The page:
Good service desk strategy doesn't happen by accident. You need to think about how you are going to interact with customers, how you will structure teams, which processes you need to establish, and how these processes will flow as value chains across teams. All of these aspects are part of a service desk "system", but they must all be oriented to support frictionless delivery of value to IT customers (See ITIL 4: Focus on Value).
How do you create a simple interface between your service desk and the people in your organization? Taking a joined-up, digital-driven approach is essential to delivering the modern, omnichannel service desk experience that IT customers expect.
1. What Sort of Experience are Your IT Customers Looking For?
Your service desk strategy has to work for your customers. It's not just about making life simple for your IT guys, or reducing operational costs. The #1 priority here is to provide better support for employees; to help them be more productive.
To do so, you will need to understand their expectations. How they want to be able to interact with you. To give them the right thing, first you need to understand what the right thing looks like.
Understanding what the IT experience needs to looklike is the #1 factor you need to consider when thinking about service desk strategy because if you deliver the wrong experience, all of that time and money invested in building that experience will be wasted. For example, if your service desk portal is clunky and difficult to use, your IT customers might try it out, but then they'll go back to what they did before.
Ask them what they want. Often, they can show you examples of what they like to see in their consumer lives. This allows you to get a clear, validated understanding of expectations (and thus the user experience requirements)—before you spend a single penny on technology and implementation. Asking reduces risk.
2. How Hard are You Making Your Customers Work to get Help?
The most common user expectation is for a simple, single point of contact experience when they help; the classic "one stop shop". This isn't a new idea, but some organizations still struggle to present a single face to customers—particularly where a series of mergers and acquisitions have created a fragmented landscape of service desk teams covering different functions or business units.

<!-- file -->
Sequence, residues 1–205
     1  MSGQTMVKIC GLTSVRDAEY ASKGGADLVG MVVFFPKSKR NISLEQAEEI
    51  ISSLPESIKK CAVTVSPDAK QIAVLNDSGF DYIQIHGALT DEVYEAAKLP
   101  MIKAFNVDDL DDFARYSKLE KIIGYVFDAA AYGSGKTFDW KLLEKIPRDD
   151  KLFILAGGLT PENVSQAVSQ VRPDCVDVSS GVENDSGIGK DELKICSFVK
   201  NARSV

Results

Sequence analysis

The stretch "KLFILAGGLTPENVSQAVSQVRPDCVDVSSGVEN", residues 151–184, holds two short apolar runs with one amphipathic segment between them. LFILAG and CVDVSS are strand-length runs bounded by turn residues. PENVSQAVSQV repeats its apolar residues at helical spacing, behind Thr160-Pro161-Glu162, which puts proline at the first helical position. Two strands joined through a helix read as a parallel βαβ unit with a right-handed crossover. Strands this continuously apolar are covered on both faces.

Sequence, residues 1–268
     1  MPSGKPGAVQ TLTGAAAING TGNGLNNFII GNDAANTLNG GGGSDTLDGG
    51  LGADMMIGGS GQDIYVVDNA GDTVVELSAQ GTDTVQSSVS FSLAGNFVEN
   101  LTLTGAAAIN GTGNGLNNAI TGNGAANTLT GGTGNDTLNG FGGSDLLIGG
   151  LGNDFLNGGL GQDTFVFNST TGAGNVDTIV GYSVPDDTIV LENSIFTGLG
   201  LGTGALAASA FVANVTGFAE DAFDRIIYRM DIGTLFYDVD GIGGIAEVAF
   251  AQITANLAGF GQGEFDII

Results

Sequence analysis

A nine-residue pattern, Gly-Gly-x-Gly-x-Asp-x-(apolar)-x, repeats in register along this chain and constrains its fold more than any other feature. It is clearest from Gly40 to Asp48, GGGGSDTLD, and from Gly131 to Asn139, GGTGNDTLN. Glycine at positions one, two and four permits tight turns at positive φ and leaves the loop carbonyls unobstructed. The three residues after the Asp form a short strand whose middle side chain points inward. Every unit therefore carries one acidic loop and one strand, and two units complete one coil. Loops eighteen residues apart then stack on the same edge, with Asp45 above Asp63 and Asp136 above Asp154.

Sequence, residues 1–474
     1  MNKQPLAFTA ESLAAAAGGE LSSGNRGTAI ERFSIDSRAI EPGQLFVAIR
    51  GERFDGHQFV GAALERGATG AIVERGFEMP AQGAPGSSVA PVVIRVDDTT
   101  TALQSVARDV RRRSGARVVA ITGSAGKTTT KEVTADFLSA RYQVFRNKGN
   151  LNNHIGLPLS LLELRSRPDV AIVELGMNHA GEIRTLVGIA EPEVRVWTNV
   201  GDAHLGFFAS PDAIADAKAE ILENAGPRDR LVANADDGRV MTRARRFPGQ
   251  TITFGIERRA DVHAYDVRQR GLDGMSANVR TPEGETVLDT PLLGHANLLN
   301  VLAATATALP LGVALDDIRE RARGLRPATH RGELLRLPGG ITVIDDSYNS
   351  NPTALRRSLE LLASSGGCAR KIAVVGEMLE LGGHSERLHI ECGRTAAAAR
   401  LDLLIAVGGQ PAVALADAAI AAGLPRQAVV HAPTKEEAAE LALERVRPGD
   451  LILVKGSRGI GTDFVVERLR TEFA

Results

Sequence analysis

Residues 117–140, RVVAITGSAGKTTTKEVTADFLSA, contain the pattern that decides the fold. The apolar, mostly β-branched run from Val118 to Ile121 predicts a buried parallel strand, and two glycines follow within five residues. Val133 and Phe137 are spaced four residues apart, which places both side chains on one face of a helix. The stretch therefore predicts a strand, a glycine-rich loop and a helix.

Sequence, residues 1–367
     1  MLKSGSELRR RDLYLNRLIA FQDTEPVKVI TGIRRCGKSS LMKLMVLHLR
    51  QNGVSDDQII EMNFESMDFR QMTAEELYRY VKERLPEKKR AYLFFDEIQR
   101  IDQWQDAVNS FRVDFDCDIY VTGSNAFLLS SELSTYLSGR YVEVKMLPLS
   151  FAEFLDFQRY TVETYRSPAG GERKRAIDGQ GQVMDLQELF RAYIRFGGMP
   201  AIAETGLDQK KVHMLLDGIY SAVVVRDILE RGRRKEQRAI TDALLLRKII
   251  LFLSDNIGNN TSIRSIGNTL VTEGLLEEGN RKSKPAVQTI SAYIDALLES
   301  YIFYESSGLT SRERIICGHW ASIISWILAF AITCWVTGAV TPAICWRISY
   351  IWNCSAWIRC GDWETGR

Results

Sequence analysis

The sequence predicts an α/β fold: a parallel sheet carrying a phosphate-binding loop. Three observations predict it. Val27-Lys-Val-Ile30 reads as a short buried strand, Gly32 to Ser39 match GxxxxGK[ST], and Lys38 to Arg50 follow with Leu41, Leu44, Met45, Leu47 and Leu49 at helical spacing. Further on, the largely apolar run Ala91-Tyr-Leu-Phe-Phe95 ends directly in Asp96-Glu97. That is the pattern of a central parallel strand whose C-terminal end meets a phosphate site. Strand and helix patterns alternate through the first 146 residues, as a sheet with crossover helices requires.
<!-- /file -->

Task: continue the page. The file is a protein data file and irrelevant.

Despite the difficulties for IT, IT customers want one phone number, one email address, one web portal URL, one mobile app (depending on which one is the most convenient and relevant to them right now). You'll never hear an IT customer say "Give me numbers for the Network, Server, Application, and Database teams and I'll sort any issue directly with them" or "I want to see different portals and numbers for IT, HR, and Facilities". They want simplicity, and presenting them with a single point of contact is a key attribute of a simple service desk experience.
Knowing where to get help is one of the single largest factors influencing the quality of the user experience. How the experience starts sets the tone. If a customer has to spend time looking for where to get help, that's a fail. Consider customer effort—how much work they need to put in to get what they need. If they have to spend time searching, have to call the service desk for updates, or have to wait while their issue is bounced around from one service desk team to another, that's a fail. Don't force them to think too hard about support. That's the service desk's job.
The challenge here is to create a single point of contact in an omnichannel world: One service desk but with many ways to interact—phone, walk-up, email, web, mobile, social media, or enterprise collaboration tools. So, the service desk needs to be a single point of control across all of these channels, with 360-degree visibility of all customer touches. It must be able to tie all these channels together to present a seamless omnichannel experience to the IT customer (and a seamless view of the customer for IT).
3. Where Does Technology Fit in?
An omnichannel service desk requires an omnichannel ITSM platform. Digital transformation of the consumer experience has triggered a need for digital transformation of the service desk experience, so technology is an essential part of the solution.
There are two top-level issues to consider here:
What you need the technology to do (which channels you need to manage)
How you access the technology (cloud ITSM versus on-premise)
Only a modern ITSM platform supports multichannel/ omnichannel interaction with IT customers out-of-the-box, as a single cloud application. Some legacy products have channel bolt-ons, but the lack of native channel coverage in a purpose-built app can make it very difficult to create the connected customer experience you need.
With regard to how you access the technology: You would need to have a compelling reason to consider an on-premise deployment versus the simplicity of the cloud. Even government agencies are now routinely embracing a cloud-first strategy because of the opportunities for greater agility and reduced cost.
ITSM Implementation isn’t the same as it used to be in the 1990s-2010s. Omnichannel service desk platforms like our assyst product are available in the cloud and can be quickly set up with codeless drag-and-drop features—cutting setup time down from months to days.
To find out more, listen to Troy DuMoulin (Pink Elephant) and Ed Perez (Axios Systems) discuss what makes a modern, efficient service desk.